“Night swimming deserves a quiet night.”
When it’s hot, there’s nothing like a dip for cooling off.
There are four common areas for sea swimming:
Lemon Valley is just along the coast from Jamestown - a short boat ride, or a longish walk down from the centre of the island, Lemon Valley has an enclosed beach ideal for swimming. The area was improved in 2010 by the creation of a new landing stage.
Rupert’s Beach is in the adjoining valley to Jamestown. It also has an enclosed beach ideal for swimming, though as Ruperts’s is also home to the island’s Fuel Storage facility the beach is closed on days when a fuel tanker is offloading (announced on the S.A.M.S. Radio 1 or Saint FM Community Radio local news). It is a popular venue for a swimming and barbecue party.
The Wharf Steps in Jamestown
Lot’s Wife’s ponds
Strictly not sea swimming as the Ponds are actually isolated pools, fed from the sea in by the larger waves. Otherwise calm for swimming but the walk is strenuous and only for the reasonably fit.
Others, not recommended
It is strongly recommended not to try swimming at Sandy Bay beach. There is a strong undertow and drowning is likely.
Other bays and inlets are at your own risk.
Our Swimming Pool
Our Swimming Pool is in Jamestown on the seaside. From town it is reached by going out under The Arch, turning right towards the Wharf, and it is about half way down towards the port and Customs Building.
As the image shows, it is a full sized pool (33m long) with advanced water filtration and chlorination systems to current international standards.
It is open most days from early morning to dusk, though during the school sessions it is closed to the general public.
The pool is managed by Dillon and Son, who also operate The Mule Yard (next door).
In the 1970’s drownings from fishing accidents and a survey among school children showed that the majority could not swim. Attempts were made to try and renovate the dam at the top of the town and the small pool at Ladder Hill (now no longer there), without success.
A voluntary body, the Swimming Pool Action Group (SPAG), was formed to raise money to build a new pool. It had strong public support including people pledging contributions from their wages. The Government of St Helena undertook that, if the pool were built, it would ensure that every school child was given the opportunity to learn to swim.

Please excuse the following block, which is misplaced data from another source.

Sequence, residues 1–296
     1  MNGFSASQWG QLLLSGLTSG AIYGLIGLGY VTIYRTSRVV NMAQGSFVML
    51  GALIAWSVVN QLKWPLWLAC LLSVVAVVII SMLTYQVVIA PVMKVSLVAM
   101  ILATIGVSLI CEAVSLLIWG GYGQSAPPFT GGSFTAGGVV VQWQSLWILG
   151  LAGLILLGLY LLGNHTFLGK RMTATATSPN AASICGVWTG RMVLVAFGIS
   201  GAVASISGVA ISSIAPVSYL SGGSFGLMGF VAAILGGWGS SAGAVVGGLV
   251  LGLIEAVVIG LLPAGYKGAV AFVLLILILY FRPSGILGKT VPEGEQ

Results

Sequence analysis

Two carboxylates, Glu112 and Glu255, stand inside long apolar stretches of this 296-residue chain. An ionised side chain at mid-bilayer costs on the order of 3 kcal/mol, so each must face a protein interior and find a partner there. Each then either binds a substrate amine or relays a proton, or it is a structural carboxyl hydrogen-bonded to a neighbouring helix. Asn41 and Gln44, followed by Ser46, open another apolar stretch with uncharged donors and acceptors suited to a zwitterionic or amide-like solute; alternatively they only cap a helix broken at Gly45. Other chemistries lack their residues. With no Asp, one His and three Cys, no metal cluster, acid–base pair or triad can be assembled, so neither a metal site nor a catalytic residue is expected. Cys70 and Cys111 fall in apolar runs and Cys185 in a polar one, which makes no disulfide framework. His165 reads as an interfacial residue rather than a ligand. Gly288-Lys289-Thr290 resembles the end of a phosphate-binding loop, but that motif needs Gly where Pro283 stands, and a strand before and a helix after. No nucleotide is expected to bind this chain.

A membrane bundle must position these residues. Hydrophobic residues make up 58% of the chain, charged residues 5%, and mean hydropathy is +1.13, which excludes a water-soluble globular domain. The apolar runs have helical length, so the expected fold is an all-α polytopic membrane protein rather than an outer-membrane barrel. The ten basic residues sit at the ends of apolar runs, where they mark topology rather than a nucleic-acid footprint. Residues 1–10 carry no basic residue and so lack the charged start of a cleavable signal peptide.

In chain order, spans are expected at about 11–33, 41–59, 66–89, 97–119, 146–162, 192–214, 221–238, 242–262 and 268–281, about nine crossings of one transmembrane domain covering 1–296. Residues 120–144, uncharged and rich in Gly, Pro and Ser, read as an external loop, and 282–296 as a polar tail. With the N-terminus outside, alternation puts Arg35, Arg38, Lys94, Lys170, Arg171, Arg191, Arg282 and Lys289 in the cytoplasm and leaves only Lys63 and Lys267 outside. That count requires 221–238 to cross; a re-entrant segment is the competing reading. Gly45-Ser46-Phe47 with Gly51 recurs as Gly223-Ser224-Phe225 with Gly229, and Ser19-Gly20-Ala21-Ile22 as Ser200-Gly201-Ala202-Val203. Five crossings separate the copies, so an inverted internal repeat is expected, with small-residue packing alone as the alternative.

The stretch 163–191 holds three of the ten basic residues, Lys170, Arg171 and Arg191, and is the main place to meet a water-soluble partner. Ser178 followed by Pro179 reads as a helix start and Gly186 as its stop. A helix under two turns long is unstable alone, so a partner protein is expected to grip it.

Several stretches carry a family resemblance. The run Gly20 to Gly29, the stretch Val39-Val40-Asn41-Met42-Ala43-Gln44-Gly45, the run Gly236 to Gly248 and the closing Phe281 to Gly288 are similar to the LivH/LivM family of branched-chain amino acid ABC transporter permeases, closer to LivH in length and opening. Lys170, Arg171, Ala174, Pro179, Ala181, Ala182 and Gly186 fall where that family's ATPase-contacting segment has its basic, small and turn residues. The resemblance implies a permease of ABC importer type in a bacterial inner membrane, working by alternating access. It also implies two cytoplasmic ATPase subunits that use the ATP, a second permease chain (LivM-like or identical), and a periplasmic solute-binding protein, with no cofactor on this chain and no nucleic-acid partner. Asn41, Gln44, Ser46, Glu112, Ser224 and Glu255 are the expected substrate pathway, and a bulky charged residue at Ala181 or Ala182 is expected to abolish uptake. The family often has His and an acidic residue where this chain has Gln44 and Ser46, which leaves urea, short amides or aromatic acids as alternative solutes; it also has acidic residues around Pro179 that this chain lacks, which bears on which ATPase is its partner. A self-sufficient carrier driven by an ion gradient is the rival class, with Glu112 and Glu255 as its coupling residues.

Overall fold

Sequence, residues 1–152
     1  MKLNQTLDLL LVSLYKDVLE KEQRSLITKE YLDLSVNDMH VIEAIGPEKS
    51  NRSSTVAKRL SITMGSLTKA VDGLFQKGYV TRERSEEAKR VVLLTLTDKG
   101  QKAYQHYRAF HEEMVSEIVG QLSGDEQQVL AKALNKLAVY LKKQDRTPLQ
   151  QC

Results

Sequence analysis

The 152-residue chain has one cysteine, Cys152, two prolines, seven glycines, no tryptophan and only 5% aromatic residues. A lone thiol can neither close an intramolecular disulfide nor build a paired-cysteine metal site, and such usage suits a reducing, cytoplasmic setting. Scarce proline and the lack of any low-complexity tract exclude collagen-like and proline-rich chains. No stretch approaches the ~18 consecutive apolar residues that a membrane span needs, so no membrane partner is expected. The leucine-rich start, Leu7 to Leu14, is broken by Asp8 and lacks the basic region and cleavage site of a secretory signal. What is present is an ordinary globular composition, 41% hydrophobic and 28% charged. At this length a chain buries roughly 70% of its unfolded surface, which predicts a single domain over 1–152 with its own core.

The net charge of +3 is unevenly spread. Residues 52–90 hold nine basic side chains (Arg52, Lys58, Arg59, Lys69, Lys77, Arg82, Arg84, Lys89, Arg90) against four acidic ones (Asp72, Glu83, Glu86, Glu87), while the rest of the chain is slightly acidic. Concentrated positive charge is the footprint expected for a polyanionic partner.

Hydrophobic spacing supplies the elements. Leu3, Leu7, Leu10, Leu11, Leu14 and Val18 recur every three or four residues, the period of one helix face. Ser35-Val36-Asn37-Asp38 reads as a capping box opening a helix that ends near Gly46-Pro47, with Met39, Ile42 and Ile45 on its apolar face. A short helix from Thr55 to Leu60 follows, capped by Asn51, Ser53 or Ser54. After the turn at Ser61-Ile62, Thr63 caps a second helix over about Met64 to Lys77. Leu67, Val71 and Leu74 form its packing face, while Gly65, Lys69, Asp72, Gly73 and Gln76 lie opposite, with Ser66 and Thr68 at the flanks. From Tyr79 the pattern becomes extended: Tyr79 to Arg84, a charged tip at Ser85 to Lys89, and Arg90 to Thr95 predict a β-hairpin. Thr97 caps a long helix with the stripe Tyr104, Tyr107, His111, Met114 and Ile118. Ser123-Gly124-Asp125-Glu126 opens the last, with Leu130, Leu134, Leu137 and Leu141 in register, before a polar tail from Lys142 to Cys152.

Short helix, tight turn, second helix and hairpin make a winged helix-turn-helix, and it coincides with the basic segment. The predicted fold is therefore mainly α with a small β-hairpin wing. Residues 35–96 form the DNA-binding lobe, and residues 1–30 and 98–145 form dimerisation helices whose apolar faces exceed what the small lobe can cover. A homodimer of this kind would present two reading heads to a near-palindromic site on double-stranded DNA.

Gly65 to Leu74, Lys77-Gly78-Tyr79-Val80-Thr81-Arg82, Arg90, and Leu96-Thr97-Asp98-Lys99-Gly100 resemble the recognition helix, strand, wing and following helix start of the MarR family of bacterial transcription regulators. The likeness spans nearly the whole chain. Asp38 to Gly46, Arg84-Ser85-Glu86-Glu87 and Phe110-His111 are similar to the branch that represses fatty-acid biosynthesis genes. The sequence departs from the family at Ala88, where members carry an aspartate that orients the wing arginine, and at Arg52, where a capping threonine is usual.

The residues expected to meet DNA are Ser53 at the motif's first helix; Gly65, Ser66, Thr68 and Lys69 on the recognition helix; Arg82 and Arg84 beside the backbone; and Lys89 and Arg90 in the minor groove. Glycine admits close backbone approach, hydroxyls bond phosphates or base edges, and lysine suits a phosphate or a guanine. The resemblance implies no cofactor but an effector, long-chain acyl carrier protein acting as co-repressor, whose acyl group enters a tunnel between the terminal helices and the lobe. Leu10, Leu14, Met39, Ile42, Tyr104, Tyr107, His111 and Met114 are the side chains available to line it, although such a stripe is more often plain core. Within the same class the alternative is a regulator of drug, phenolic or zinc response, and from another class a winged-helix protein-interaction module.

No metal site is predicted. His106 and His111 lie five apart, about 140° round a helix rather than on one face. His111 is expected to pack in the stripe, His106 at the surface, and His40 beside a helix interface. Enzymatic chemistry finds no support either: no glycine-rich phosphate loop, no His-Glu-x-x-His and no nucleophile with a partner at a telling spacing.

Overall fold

As a result of island wide interest and public support, the Royal Engineers were invited to build the present pool and the money raised from the public built the paddling pool. There is a plaque acknowledging this at the pool.
The new pool replaced an earlier Tennis Court on the site:
A Swimming Story
One night, , two of the visiting contract workers (who shall remain anonymous) were sitting drinking at Donny’s, as they had been since around 5pm - it was now around Midnight. Seeing the RMS St Helena in the bay, conversation turned to how wonderful the breakfast was onboard. Then one had a revelation. Why not go out to the RMS and have breakfast there?
The plan almost died in its infancy because the Ferry service, they realised, had already stopped for the night. “We’ll just have to swim!”, one said. Now the RMS anchors a few hundred metres out, so this would have been no mean feat even sober, which our friends most definitely were not. But at around Midnight after many (many) beers it seemed like a grand plan, so they set off.
By some minor miracle, they actually both arrived safely at the pontoon beside the RMS, around half an hour later. They climbed aboard the pontoon and set about calling up to the ship to be allowed onboard. Imagine the reaction of the night watchman/woman. Drop-in callers at nearly 1am were not common. Indeed it is probably the case that this was the first time it had ever happened. The Captain had to be summoned.
Captain Smith was an experienced seaman with lots of nautical miles under his belt. Nearing retirement he was not overly pleased at being dragged out of his bunk at 1am to deal with drunken boarders. So having ascertained that they were not in any medical need (other than that which could be provided by a few hours of not drinking beer) and that they were not in a life-threatening situation, he gave orders that our two intepid would-be breakfast guests were to be denied access to the ship, and must wait on the pontoon for the night until the first ferry - at 6am in the morning. This they did. Fortunately for them it didn’t rain.
One of our pair was married. His wife was, predictably, just a little unhappy about his actions that night. Apparently it was quite a few nights before he again slept in a proper bed. The other was not married but was living with a woman who was so used to his antics she didn’t realise anything had occurred until he turned up the next morning, hung-over and desperate for sleep.
The moral of this story? Well, where could one begin…? Whoever said life in St Helena was boring?
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